During this time of year, fresh snow blankets the landscapes, mountains and valleys of Kalispell, the hub of northwest Montana, creating a winter wonderland for all sorts of activities. When it comes to family activities, there are several things to do in and around Kalispell, including snowshoeing.
Before hitting the trail, there are a few things to keep in mind to have the best family snowshoe adventure this winter.
Get the Gear
The key to a great snowshoe experience is to be prepared, starting with the appropriate gear. Here’s what should be on your list: boots, snowshoes, moisture-wicking layers (socks, long johns, base layers, etc.), snow pants, hat, gloves, waterproof or water-resistant jacket, a daypack, sunscreen and sunglasses. Be sure to pack water, snacks, warm drinks and food in your daypack. Want to learn more? Get the full rundown from REI here.
Hit the Trail
There are numerous places to snowshoe in and around Kalispell and northwest Montana. Family-friendly trails of note include:
1) Lone Pine State Park
With a bird’s-eye view of Montana’s Flathead Valley, Lone Pine has a few easy trails that are perfect for family snowshoe adventures. Start slow on White Memorial Loop, a .6-mile-long round-trip trail that makes it easy to see Flathead Lake, Jewel Basin, the peaks of Glacier National Park and Big Mountain, home to Whitefish Mountain Resort.
For a longer trek, enjoy the 2.8-mile round-trip Lone Pine Trail. A more challenging trail with steep grades, this route leads through a forest that’s home to fur, spruce and pine trees. See more trails here.
2) Glacier National Park
Easy to access, Lower McDonald Creek is a scenic 2 to 3 mile round-trip trail that starts near McDonald Creek Bridge in Apgar. With easy terrain and a sweet view of McDonald Creek, this trail is perfect for a morning snowshoe.
Venture up the Going-to-the-Sun Road to Lake McDonald Lodge and park your vehicle in the parking area. Step into your snowshoes and set out on the Going-to-the-Sun Road, taking in the sights and sounds along the way. For more of an adventure, snowshoe up to the head of Lake McDonald and take the trail to McDonald Falls. Want more? Dig into more trails and routes in Glacier National Park.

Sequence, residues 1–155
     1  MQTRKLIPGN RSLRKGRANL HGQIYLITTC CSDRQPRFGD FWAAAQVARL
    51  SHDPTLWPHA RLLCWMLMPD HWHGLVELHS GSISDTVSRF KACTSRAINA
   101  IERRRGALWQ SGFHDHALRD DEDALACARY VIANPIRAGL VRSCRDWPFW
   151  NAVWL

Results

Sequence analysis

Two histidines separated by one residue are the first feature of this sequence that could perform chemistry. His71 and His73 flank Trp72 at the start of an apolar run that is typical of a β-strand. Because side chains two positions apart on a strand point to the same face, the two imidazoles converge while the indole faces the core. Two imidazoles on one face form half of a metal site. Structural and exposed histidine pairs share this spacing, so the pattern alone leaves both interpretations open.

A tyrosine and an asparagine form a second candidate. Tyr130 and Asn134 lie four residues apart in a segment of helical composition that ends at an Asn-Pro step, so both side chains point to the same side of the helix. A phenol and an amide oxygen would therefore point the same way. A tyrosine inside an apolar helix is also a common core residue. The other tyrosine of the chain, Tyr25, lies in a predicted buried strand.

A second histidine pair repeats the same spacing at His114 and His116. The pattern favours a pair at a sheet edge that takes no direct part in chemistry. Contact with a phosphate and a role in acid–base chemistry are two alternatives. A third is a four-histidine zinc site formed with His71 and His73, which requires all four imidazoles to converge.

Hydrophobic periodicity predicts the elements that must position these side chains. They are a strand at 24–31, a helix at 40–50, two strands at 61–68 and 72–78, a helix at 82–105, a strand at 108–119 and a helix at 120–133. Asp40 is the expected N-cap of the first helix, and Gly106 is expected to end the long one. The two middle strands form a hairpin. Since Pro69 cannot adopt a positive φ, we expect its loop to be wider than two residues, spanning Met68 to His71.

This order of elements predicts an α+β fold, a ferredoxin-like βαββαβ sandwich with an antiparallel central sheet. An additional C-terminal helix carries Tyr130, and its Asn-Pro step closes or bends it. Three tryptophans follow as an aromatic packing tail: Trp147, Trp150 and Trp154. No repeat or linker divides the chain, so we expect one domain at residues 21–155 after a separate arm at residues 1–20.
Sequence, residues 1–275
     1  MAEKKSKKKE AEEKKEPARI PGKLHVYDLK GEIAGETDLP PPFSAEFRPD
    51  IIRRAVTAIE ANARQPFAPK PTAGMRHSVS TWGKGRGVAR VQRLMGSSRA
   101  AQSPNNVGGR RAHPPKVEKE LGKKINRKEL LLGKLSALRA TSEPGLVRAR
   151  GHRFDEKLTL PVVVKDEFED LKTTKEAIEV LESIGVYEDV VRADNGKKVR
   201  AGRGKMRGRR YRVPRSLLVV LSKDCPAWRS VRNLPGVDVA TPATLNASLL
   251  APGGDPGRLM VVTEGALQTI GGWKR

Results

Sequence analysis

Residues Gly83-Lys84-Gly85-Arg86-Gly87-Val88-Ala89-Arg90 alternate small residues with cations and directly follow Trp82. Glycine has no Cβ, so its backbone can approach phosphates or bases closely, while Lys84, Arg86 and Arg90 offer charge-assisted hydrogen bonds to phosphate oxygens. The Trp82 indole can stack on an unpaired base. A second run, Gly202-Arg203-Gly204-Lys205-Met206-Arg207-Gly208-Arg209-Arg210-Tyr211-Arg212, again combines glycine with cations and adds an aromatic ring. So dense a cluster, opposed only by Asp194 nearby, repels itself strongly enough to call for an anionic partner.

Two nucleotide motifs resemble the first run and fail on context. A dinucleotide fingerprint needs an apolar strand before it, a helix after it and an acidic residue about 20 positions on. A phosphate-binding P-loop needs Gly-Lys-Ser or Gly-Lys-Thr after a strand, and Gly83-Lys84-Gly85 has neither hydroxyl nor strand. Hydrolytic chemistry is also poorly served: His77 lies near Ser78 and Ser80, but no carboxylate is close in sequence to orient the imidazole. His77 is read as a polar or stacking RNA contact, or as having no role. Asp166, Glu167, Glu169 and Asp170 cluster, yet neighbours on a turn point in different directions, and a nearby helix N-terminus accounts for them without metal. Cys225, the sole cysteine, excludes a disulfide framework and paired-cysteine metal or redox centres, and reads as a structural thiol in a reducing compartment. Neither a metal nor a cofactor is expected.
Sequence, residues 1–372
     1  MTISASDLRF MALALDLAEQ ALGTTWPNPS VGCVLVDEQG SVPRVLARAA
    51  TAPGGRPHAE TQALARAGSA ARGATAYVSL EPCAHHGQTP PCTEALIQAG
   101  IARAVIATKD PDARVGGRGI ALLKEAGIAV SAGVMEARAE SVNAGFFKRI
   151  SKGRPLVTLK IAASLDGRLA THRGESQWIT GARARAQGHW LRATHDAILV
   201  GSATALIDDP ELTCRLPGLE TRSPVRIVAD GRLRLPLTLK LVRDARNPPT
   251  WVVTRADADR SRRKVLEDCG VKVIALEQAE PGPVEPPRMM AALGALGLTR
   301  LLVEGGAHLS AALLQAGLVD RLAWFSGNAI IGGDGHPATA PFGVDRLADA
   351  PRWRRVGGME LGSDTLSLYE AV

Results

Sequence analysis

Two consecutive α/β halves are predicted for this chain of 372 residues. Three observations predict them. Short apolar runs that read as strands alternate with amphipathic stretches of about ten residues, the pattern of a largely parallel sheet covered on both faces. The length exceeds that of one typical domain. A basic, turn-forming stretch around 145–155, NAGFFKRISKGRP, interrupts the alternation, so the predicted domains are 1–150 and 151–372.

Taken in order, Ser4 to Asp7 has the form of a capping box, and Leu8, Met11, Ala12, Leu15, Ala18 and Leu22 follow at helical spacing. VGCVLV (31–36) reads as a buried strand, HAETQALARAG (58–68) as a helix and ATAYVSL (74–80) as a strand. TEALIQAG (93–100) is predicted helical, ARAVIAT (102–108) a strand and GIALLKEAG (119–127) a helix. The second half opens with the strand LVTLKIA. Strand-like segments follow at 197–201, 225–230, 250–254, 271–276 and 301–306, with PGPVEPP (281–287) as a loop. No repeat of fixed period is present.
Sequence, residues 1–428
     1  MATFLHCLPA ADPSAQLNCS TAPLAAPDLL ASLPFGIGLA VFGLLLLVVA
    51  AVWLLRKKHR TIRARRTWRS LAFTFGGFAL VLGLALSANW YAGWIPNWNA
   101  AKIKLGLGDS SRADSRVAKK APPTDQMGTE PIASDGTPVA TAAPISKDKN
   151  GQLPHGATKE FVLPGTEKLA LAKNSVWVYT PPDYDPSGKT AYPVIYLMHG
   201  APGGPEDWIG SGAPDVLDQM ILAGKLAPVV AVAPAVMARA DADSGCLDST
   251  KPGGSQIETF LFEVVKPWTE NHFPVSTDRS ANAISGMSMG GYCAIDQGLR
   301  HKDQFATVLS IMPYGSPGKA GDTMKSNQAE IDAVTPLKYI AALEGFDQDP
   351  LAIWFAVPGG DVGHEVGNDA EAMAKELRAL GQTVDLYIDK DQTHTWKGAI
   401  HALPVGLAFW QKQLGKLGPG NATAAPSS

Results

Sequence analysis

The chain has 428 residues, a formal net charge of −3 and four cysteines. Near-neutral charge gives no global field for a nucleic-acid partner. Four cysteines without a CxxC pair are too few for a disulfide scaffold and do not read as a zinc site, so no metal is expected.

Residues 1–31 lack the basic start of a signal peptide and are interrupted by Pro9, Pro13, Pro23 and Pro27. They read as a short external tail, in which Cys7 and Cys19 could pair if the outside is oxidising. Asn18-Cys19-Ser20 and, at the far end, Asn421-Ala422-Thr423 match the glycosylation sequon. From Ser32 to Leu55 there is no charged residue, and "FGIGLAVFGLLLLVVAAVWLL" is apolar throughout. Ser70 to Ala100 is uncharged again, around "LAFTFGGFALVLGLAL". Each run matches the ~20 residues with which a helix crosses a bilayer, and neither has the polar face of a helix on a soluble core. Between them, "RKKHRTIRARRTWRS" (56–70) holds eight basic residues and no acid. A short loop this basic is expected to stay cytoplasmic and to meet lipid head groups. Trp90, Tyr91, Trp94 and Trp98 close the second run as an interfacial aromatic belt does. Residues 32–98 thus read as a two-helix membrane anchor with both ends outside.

3) Herron Park
A short drive from Lone Pine State Park will take you to Herron Park and its robust trails system. Ideal for all ages, Family Trail is an easy elevation 2-mile round-trip route that’s great for family outings. From the Family Trail, you can connect to other trails, including Overlook Trail and Plum Creek Road.
For a loop route, set out on the Notch Trail and connect with the Overlook Trail and Plum Creek Road. At around 4 miles round-trip, this route has views of Foy Lake and the expansive Flathead Valley.
4) Blacktail Nordic Ski Trails
A scenic drive along Flathead Lake will take you to Lakeside and Blacktail Mountain Ski Area. From the Blacktail Nordic Ski Trails upper parking area, you’ll be greeted with groomed trails that are shared by Nordic skiers and snowshoers. The Main Trail is a great starting place for families of all ages. See the full trail map here.
There are harder routes in and around Kalispell and Glacier National Park; if you decide to tackle more difficult trails – including areas where avalanche risk is high – be sure you are well-versed and aware of how to responsibly recreate. A few things to note: most winter trails are not marked clearly – pack a map; stay off lakes, rivers and streams; and be aware of wildlife. Our friends at Glacier National Park have more tips, insights and advice here.
While it’s easy to hit the trails on your own, there are also guides who – in addition to taking you snowshoeing – can share insights and interpretation along the way. Workshops are available at Lone Pine State Park, while the National Park Service offers ranger-led weekend snowshoe walks in Glacier National Park from December 23, 2023 to March 17, 2024. Glacier Institute also has a variety of winter-focused adventures, including full moon snowshoes, winter snowshoes and winter tracking.
Ready to explore more of winter in Montana? Check out the following pages: